According to analysts, a lack of skilled workers in the renewables sector, which generally still pays less than the oil and gas sector, could impede Europe’s ambitious green energy plans.
“As increased deployment of clean energy technologies further boosts job creation, both current and future workers will need to be equipped with the requisite expertise to maximise benefits from this growth and to avoid bottlenecks caused by skills and labour shortages,” the International Energy Agency (IEA) said last year in a report on skills development for the transition.
If the objectives are to be met, according to the WindEurope association, the offshore wind workforce in Europe alone must increase from 80,000 today to 250,000 by 2030.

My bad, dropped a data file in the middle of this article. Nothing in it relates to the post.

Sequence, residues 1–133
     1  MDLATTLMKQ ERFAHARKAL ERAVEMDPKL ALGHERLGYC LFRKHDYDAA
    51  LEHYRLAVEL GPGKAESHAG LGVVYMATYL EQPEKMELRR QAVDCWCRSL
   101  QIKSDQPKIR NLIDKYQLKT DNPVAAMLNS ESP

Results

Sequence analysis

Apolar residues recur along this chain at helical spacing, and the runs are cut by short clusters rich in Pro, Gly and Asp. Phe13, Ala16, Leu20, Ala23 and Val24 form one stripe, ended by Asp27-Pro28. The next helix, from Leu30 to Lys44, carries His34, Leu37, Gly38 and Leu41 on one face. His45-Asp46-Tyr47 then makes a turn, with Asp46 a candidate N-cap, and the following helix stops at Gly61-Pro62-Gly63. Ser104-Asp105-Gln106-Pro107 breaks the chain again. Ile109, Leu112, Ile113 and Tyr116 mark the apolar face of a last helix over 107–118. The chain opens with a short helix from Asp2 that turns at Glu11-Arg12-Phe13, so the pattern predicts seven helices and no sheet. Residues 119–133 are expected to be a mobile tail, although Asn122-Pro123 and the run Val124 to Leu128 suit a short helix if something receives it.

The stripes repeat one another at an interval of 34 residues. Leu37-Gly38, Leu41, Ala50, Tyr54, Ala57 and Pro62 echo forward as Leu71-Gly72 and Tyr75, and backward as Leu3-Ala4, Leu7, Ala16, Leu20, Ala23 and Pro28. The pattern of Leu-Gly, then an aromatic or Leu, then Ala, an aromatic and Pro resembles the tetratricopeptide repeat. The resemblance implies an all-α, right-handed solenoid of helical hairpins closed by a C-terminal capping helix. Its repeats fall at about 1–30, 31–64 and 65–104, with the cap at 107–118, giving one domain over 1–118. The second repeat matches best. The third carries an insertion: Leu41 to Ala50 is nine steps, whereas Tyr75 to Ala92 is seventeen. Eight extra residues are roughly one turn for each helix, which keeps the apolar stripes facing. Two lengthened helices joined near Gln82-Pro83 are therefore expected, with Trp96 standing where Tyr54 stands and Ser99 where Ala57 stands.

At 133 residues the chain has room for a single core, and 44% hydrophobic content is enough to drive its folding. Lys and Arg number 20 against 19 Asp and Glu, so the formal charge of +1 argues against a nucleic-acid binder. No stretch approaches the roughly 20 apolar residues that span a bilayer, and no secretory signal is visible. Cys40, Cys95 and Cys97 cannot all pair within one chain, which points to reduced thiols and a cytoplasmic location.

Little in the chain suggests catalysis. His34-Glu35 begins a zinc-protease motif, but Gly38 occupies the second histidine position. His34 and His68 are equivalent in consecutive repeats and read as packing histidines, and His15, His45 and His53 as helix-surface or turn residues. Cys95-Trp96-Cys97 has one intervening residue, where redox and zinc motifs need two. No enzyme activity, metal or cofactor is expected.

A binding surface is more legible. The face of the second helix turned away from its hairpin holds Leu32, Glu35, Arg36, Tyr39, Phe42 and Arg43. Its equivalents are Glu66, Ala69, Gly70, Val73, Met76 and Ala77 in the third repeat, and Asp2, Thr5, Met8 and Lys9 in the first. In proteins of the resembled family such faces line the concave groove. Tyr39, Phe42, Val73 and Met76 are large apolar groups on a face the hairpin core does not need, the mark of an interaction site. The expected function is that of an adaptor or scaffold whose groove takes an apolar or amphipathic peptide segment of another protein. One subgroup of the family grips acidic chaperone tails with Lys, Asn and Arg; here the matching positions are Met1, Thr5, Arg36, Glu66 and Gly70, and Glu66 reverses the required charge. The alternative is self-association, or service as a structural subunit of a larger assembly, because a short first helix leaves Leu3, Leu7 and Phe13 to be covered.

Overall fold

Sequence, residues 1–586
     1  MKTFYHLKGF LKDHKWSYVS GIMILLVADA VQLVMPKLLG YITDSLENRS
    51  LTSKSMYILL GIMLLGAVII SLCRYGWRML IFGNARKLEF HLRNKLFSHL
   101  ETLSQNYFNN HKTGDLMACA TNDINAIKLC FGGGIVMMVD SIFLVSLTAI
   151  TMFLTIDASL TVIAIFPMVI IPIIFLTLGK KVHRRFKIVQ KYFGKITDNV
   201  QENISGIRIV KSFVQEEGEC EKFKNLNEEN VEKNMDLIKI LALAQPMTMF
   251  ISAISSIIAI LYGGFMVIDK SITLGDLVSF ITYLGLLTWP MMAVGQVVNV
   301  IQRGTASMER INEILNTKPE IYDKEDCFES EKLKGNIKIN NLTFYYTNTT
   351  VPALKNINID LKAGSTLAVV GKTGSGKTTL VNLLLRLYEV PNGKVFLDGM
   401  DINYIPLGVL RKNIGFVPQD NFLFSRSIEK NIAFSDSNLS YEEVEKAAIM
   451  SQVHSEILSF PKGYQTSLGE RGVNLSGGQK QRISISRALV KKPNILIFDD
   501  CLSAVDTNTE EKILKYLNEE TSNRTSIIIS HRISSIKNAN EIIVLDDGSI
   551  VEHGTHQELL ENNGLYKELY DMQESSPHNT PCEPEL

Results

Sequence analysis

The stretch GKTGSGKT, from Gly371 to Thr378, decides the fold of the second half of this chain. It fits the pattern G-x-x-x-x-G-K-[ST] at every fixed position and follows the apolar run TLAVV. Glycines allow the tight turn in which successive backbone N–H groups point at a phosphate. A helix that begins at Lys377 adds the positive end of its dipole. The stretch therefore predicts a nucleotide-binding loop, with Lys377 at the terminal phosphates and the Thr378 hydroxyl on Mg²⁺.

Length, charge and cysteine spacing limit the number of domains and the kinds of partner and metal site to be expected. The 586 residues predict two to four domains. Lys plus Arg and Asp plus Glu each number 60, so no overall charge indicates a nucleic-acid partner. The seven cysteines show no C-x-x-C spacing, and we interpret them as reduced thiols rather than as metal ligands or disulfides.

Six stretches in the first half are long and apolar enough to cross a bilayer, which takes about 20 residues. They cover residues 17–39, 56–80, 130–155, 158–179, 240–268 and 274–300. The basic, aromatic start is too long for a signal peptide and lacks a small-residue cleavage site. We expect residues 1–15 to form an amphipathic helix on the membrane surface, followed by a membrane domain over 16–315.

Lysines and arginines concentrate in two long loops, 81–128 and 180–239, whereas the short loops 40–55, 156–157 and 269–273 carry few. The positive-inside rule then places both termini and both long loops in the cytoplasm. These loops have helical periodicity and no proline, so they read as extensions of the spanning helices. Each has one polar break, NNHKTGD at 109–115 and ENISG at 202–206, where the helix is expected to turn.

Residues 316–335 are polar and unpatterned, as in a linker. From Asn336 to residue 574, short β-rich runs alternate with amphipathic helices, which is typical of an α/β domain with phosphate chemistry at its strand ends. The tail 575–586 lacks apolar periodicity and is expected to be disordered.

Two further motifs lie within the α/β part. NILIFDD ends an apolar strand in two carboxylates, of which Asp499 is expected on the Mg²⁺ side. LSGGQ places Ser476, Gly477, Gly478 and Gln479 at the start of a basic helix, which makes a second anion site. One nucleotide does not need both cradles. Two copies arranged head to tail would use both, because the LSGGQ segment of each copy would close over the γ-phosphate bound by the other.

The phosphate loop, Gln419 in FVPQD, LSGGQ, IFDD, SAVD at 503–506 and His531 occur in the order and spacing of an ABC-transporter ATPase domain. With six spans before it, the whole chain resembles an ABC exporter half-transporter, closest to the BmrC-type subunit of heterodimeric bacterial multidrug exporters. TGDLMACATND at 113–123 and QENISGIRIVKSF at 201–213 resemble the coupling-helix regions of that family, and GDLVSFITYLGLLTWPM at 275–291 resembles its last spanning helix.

“Investments alone don’t manufacture blades, navigate vessels or operate wind farms. Above all, national Governments must support building up the necessary skills base,” the association added.
“People are not developing green skills at anywhere near a fast enough rate to meet climate targets,” says Sue Duke, head of global public policy for the professional network LinkedIn.
Although the EU recently established a sizable partnership to develop skills in renewable energy, the pay gap between jobs in the oil and gas industry and jobs in the green energy sector still favors the conventional energy industry. Jobs in renewables don’t typically pay more than high-carbon jobs despite the higher skill requirements, which “is problematic for attracting workers into low-carbon jobs,” according to a study by the Grantham Research Institute at the London School of Economics earlier this year.